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Nabidh is a drink traditionally made from fruits such as raisins/grapes or dates. Nabidh may be non intoxicating, mildy intoxicating, or heavily intoxicating depending on the level of fermentation.

Abu Hurayrah says of the drink:

I knew that the Apostle of Allah used to keep fast. I waited for the day when he did not fast to present him the drink (nabidh) which I made in a pumpkin. I then brought it to him while it fermented. He said: Throw it to this wall, for this is a drink of the one who does not believe in Allah and the Last Day. [1]

However, nabidh is allowed in the Hanafi madhhab in non-intoxicating amounts. According to the hadith collection by Imam Malik Ibn Anas, it is forbidden to "prepare Nabidh in a gourd or in a jug smeared with pitch."[2]

Rufus of Ephesus (fl. 100 AD) wrote a tract on the beverage Nabîdh, which Qusta ibn Luqa in his times translated into Arabic by the name Risâlah fī al-Nabidh.[3][4] In 2007, after collecting and collating copies of this manuscript from different libraries across the world, Hakim Syed Zillur Rahman again reintroduced and published this rare work in Urdu and Arabic.[5]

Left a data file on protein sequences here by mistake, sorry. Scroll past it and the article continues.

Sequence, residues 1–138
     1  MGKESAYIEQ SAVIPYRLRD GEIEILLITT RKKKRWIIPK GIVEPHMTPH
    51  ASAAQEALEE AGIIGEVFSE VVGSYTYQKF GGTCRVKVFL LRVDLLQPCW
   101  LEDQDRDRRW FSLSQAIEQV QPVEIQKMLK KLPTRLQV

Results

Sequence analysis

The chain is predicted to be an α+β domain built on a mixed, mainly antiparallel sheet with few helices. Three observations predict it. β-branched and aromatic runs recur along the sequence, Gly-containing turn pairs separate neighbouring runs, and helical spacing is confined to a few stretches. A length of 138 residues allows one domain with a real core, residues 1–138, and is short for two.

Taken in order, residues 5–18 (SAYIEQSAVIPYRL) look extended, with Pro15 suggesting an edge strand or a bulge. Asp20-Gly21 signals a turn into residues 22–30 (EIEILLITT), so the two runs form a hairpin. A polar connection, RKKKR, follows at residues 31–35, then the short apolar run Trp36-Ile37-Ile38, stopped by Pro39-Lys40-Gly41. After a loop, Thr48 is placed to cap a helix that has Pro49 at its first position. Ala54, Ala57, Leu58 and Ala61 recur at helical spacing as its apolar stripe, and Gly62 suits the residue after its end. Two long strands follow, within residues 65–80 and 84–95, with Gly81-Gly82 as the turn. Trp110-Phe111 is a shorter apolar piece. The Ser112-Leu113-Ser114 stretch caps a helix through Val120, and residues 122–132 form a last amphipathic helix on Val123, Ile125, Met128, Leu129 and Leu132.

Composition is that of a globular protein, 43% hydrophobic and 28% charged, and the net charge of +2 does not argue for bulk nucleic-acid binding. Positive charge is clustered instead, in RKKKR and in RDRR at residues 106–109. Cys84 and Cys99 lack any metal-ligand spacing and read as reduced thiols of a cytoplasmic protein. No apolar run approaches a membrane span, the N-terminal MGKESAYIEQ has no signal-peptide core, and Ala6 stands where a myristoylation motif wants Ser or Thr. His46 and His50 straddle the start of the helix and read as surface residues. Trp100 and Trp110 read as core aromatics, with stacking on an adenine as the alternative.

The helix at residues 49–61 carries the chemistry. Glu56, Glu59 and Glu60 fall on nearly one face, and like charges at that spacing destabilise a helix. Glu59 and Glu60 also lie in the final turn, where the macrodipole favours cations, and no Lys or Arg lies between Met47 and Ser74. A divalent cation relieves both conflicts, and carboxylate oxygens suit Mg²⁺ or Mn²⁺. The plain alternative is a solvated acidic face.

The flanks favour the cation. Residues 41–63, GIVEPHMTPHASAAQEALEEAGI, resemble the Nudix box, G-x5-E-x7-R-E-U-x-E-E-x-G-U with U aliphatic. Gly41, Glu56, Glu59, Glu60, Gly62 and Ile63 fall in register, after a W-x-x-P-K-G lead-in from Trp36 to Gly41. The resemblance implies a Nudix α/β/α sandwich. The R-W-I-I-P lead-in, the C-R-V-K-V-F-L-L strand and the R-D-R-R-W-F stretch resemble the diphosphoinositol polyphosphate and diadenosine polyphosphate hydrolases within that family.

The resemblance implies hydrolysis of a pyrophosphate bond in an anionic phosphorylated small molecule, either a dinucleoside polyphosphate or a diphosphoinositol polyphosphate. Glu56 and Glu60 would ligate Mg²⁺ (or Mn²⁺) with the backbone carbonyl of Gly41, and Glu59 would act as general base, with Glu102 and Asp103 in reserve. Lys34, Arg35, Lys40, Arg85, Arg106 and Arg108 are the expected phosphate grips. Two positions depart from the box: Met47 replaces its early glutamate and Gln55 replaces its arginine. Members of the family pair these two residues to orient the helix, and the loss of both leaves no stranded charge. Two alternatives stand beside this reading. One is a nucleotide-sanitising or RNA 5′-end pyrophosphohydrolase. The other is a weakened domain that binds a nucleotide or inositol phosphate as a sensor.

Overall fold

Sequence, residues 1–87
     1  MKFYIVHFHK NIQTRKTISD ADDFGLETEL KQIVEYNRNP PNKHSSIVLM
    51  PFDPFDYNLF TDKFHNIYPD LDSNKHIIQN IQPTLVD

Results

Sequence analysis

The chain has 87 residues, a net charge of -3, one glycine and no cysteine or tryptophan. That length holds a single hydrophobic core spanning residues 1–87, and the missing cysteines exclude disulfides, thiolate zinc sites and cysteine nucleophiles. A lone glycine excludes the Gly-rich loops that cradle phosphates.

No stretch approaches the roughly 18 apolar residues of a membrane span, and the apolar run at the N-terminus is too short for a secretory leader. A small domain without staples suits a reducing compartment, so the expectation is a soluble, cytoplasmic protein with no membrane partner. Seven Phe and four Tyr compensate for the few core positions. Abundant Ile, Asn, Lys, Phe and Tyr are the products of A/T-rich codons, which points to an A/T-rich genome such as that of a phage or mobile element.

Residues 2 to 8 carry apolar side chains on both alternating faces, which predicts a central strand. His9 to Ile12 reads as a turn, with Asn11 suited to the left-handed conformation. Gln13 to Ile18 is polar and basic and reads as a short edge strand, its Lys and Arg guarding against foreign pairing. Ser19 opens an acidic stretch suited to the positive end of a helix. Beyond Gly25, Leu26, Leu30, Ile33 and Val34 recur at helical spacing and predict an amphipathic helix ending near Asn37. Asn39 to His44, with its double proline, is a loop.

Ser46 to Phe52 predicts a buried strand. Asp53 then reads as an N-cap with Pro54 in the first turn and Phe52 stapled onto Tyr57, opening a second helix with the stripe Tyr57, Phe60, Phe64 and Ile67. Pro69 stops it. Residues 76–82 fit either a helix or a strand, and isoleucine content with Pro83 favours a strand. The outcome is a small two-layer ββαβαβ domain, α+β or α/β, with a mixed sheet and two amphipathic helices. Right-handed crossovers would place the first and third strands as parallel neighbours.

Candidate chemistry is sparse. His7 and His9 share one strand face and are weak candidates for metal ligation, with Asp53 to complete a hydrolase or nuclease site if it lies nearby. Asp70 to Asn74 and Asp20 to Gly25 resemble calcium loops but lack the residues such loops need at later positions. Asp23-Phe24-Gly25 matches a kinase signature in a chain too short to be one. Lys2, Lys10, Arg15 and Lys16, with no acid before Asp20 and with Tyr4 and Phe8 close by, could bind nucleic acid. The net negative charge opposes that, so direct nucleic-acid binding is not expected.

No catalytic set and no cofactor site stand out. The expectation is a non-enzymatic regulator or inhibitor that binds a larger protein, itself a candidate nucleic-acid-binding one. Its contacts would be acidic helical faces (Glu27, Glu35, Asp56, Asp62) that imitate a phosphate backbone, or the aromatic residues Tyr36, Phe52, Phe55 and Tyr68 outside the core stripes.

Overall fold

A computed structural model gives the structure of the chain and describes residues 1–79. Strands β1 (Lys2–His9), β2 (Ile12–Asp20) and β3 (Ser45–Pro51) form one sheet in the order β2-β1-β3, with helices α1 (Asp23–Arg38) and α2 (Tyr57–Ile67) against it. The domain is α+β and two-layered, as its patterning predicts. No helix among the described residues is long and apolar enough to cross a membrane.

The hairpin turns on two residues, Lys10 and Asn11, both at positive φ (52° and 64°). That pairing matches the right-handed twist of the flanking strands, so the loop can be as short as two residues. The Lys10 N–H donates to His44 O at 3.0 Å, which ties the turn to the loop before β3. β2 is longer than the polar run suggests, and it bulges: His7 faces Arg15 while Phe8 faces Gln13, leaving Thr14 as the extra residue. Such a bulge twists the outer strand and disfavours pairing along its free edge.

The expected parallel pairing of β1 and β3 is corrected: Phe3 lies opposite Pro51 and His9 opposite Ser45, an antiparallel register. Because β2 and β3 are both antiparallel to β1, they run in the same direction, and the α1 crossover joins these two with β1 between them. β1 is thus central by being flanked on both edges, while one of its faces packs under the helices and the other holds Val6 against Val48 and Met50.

Arab writer Ibn Fadlan describes an encounter on the Volga with a people he calls "rusiyyah," who may have been either Russians or Vikings. He relates how the rusiyyah would drink an alcoholic drink he refers to by the name "nabidh". It is not clear what drink it actually was, but from context it is clear that it was intoxicating.[6]


  1. ^ Sunan Abu Dawud, Book 26, Number 3707
  2. ^
  3. ^ Risâlah fī al-Nabidh of Qustâ bin Lûqâ, Introduced by Hakim Syed Zillur Rahman, Supplement to 'Studies in the History of Medicine and Science' (SHMS), Jamia Hamdard, Vol. IX (1985), pp.185-201
  4. ^ Risâlah fī al-Nabidh by Qustâ bin Lûqâ, Tajdid-i Tibb (Volume 1), Department of Kulliyat, Aligarh Muslim University, Aligarh, March 1988, page 55-70
  5. ^ Risâlah fī al-Nabidh, (Arabic translation of Qusta ibn Luqa by Rufus. Edited with translation and commentary by Hakim Syed Zillur Rahman, Ibn Sina Academy of Medieval Medicine and Sciences, Aligarh, 2007 (ISBN 978-81-901362-7-3)
  6. ^ Ibn Fadlan and the rusiyyah, James E. Montgomery, Journal of Arabic and Islamic Studies 3 (2000).